- To avoid the result to be just a matter of chance, you should run a number of trials and average the result.
I leave a formal explanation about the right number of trials and the right size of the samples for other forums but if you run at least 10 trials and use 80% of your data you’ll be on the safe zone. Another topic for a formal discussion would be threshold setting, that is, how to estimate the degradation of our model as phi increases; e.g., if phi is, say, 0.21, how bad is our model?… It will be disastrous in some domains and unnoticeable in others.
Next, I will show you how to quickly test the idea using as an example the training and test data (using the latter as “production” data) of the Titanic dataset as they were provided at the Kaggle competition, but removing the label and the ids of each instance.
Testing for Covariate Shift in a few API calls
I’m going to use BigML’s raw REST API within a simple bash script. A simpler function providing covariate shift checking will be available in BigML’s bindings, command-line and web interfaces very soon.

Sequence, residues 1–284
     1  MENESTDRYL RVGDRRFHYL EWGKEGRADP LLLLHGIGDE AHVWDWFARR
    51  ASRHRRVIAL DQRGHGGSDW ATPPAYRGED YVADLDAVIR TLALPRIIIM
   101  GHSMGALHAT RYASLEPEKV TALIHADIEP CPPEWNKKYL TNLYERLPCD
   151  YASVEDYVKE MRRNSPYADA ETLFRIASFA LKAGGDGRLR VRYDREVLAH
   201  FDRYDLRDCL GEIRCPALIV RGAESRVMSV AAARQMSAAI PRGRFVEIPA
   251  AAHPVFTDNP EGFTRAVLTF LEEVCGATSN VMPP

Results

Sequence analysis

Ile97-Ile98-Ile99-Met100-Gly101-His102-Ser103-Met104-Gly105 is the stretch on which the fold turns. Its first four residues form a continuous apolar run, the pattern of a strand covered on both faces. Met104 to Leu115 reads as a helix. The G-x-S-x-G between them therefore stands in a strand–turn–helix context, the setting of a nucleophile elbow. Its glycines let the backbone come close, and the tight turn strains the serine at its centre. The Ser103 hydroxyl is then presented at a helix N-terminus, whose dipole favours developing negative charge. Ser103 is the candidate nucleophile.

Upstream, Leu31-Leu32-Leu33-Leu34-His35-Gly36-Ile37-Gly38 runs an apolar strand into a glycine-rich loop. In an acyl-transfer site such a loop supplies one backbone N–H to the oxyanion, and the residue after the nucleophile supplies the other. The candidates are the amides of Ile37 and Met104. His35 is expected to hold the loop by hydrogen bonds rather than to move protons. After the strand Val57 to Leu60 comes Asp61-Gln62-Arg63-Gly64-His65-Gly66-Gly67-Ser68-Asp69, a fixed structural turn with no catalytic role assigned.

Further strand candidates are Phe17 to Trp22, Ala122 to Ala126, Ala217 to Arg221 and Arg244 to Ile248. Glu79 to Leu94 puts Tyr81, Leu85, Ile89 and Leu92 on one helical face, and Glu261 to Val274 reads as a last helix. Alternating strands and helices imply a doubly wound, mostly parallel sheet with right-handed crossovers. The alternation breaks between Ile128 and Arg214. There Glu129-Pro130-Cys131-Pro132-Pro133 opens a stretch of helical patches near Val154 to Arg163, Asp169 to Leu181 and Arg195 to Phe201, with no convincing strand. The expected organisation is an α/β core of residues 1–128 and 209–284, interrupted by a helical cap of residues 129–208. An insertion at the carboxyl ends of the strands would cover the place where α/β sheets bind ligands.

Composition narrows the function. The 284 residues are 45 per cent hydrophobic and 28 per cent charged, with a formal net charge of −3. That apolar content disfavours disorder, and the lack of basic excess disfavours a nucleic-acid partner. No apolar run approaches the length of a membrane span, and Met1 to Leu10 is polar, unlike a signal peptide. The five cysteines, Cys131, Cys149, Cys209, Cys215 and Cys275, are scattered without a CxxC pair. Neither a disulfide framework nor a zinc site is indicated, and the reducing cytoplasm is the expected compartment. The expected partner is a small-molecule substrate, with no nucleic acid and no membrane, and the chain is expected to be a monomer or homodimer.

First of all, I create a source for the training data (lines 58-61) and another for the production data (lines 63-66) using their respective remote locations defined at the beginning of the script (lines 22 and 23). Then I create a full dataset for the training source (lines 70-73) and another for the production source (lines 76-79). Then I sample the training data and add a new field named “Origin”, with the value “train” to each instance (lines 90-98) and do the same for the production data but adding the value “production” to each instance (lines 100-108).